A bestseller in France, this book is the first novel ever nominated for all five major French literary prizes.
Plot is not the point of this short novel, which makes it unlikely that it will repeat that popular success in the United States. Which is unfortunate, because this book successfully explores the emotional lives of its characters. As a nation we in the United States are addicted to the plot, to the shifts and plunges of a story. And for those in search of that adrenalin hit, this book will disappoint. But it has definite pleasures, and those linger much longer than the mere attraction of a storyline.
Start with the title: delicacy. It is a word not used much in daily life, an old-fashioned word. But appealing, intriguing, somewhat remote and even mysterious. But easy to pass over as a book title.
The gentle narrative arc of this book concerns Natalie, a beautiful woman in her twenties and thirties who hesitantly falls in love and marries Francois. He is killed in a bicycle accident. Francois in her grief buries herself in her work for the Paris division of a Swedish research firm where she navigates the relationships with her boss, Charles, and a subordinate, Marcus. And that is about it for the plot.
It is in the examination of the nuances of emotions and desire that this book excels. While the plot is thin, the intricacies of interior dialog and the great space given characters to think and react is highly unusual in current bestseller fiction. When Marcus and Natalie awkwardly stumble through their individual protective shells in search of emotional stability, the descriptions are nuanced, unusual and yet the reader understands the narrative consistency and fidelity to what we have earlier learned of these characters.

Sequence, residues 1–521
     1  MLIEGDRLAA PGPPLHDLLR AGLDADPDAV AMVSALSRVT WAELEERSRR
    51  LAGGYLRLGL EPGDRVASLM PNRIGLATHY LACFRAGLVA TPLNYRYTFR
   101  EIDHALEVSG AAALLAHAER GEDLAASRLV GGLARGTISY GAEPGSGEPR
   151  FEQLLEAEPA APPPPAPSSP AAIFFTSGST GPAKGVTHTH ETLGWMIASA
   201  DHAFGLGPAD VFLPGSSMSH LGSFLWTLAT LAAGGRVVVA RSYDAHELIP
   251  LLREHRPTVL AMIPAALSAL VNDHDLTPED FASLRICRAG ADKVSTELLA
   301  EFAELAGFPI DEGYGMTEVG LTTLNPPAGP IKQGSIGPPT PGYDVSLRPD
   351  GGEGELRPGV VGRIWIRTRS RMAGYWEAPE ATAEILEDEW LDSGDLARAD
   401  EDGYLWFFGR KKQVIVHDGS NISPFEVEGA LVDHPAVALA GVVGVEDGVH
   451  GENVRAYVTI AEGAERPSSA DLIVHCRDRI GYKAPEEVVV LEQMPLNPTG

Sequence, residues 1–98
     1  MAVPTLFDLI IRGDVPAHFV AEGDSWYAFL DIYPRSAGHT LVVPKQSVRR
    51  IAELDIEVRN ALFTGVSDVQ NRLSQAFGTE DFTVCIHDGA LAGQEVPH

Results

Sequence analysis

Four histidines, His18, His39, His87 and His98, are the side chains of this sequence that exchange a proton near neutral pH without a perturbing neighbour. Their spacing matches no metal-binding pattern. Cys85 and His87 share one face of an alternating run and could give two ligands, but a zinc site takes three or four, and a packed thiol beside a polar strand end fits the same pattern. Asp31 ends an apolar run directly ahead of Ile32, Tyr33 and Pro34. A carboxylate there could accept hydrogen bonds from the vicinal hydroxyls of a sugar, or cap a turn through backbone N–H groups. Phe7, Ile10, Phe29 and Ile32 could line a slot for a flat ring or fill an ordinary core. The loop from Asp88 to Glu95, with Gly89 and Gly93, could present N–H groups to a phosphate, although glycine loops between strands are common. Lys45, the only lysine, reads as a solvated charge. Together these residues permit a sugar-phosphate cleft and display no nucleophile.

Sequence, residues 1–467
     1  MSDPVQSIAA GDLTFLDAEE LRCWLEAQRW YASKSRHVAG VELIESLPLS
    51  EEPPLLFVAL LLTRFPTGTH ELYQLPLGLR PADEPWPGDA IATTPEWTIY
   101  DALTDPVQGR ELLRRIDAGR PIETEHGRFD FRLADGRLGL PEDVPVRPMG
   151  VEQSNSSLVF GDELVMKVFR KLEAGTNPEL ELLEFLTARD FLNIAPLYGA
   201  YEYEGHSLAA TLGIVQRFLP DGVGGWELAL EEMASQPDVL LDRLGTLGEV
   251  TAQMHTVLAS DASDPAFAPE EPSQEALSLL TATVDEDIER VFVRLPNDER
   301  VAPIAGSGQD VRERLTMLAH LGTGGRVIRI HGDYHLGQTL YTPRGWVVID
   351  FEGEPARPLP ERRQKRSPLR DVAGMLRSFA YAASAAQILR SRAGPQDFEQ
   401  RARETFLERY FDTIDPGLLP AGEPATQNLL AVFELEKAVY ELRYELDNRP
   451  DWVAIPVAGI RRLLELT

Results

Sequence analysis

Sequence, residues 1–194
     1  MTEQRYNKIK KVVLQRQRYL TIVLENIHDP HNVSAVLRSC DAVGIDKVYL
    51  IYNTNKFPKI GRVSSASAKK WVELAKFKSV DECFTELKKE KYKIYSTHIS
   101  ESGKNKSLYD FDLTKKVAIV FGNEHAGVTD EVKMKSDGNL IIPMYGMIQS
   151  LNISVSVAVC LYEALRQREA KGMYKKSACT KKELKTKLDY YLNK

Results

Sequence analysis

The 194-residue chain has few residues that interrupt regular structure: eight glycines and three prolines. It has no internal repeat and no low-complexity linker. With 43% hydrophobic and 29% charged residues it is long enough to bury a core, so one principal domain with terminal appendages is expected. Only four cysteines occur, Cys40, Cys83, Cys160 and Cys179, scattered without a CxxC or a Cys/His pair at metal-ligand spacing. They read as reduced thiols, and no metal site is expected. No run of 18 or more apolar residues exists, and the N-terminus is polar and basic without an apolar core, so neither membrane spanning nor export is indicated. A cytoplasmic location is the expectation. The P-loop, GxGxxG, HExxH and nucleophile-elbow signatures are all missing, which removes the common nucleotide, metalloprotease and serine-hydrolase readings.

In life people don't usual move briskly from point A to B in a straight line, but in fiction the author rarely can be bothered to slow the plot sufficiently to explore the worlds of indecision and false starts that often accompany that A-B journey. This author reminds the reader that the journey itself, rather than the plot point where it ends, is the important part of life.
If you want someone to understand who you are, your essential self, would you hand that person your resume, or tell them a story? A meandering, delicate story that tells a truth about you beyond the facts of your life. This book does an excellent job of this, of just this.
Oh...and a warning. This book perfectly conveys the insidious gossiping and schoolyard bullying that can go on in an office setting, where there is limited privacy and certain workers see it as their full-time job to expose the private lives of co-workers. Natalie and Marcus are caught in this web of office gossip in a manner way too realistic for the comfort of this particular reader.
The translation is fine, but given the nuances of thought and emotions that make up the core of the book, I found certain sentences clunky, awkward and these often felt like translation deficiencies. "Charm took effect, and even progressed." "Because nothing wears you out more than living under the sensual dictates of beauty set in stone."
There are chapters with factual information alternating with the storyline of the novel. Natalie is listening to a song and the next chapter is a listing of the lyrics. Or there is a discussion of food allergies followed by a chapter on food allergies. And there are a few footnotes supposedly elucidating the text. For example when Natalie is eating soup the note states "We haven't been able to obtain any details regarding the exact nature of that soup." Both the factual chapters and footnotes read like affectations, as though the author lacked confidence in his story and needed to add these elements to add bulk and 'sophistication'. The novel would have been better without these unnecessary decorations.